For the first time ever, more than one in 10 people in Japan aged 80 or older. National Data revealed a record 29.1% of the 125 million population aged 65 years and older.
According to the United Nations, Japan records one of the lowest birth-rates in the World, and has world’s oldest population measured by the proportion of people aged 65 or up. The percentage of people aged 65 or above stand at 24.5% in Italy and 23.6% in Finland, securing second and third rank respectively. According to the National Institute of Population and Social Security Research Japan is anticipated to account for 34.8% of the population-for those aged over 65, by 2040.
The elderly employment rate in Japan is also recorded the highest across major economies, as workers aged 65 or above make for 13% of the national workforce. However, this proves disadvantageous to the country’s social security spending.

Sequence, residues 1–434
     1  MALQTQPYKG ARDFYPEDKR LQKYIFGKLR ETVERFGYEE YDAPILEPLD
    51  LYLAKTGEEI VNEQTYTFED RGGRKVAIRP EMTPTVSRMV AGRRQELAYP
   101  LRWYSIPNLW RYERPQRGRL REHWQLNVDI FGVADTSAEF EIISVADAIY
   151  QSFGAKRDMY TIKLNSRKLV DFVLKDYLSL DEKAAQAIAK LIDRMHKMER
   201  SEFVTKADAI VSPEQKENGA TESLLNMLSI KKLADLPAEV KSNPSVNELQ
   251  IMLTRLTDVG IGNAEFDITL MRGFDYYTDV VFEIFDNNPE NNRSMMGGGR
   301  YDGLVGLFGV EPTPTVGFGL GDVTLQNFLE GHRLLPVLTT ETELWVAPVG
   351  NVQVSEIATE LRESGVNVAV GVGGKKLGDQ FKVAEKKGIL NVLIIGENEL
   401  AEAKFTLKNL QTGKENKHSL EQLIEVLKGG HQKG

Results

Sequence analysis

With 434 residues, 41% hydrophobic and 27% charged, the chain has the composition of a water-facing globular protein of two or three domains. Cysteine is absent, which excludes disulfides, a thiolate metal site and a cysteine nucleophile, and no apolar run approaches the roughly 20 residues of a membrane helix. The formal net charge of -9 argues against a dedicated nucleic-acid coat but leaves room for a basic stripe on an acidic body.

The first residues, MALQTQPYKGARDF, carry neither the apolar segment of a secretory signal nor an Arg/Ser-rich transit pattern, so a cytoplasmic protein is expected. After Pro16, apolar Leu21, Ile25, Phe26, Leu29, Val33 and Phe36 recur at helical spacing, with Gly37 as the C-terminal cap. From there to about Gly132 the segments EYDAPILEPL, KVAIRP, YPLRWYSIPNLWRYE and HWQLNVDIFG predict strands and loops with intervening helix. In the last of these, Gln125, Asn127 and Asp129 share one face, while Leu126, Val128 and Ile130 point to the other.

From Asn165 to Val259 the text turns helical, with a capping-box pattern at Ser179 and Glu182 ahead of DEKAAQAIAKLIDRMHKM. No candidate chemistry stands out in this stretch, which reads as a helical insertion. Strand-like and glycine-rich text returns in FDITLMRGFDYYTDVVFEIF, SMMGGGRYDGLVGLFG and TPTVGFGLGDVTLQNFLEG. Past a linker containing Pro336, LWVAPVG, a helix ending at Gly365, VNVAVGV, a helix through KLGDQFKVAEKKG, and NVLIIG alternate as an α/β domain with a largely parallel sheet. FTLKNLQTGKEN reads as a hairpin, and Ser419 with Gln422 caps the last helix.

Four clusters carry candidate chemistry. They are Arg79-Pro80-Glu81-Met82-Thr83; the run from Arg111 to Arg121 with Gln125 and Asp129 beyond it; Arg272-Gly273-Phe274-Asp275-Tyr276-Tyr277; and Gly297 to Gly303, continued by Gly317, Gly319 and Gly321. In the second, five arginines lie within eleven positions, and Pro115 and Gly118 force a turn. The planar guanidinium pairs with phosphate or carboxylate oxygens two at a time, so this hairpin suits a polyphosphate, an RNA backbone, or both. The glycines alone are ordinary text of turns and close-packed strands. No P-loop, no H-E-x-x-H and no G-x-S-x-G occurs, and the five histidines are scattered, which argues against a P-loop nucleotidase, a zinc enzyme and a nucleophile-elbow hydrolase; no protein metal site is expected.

Japan has since approved a record budget for the next fiscal year, partially in lieu of the rising social security costs.
Rigorous efforts to boost its birth rates have also seldom proved successful amidst the increasing cost of living and long working hours.
Although the birth rate is declining in many countries, including Japan’s neighbours, the problem is severe in Japan. Japan recorded fewer than 800,000 births last year- lowest since records began in the 19th century, the estimate was more than two million in the 1970s.
Prime Minister Fumio Kishida said that his country was on the brink of not being able to function as a society owing to its declining birth rate. However , authorities continue to express reluctance to the idea of accepting migrant workers to solve the issue of diminishing fertility. Other Asian countries are facing similar demographic challenges- China’s population fell for the first time since 1961, South Korea reported the lowest fertility rate in the world.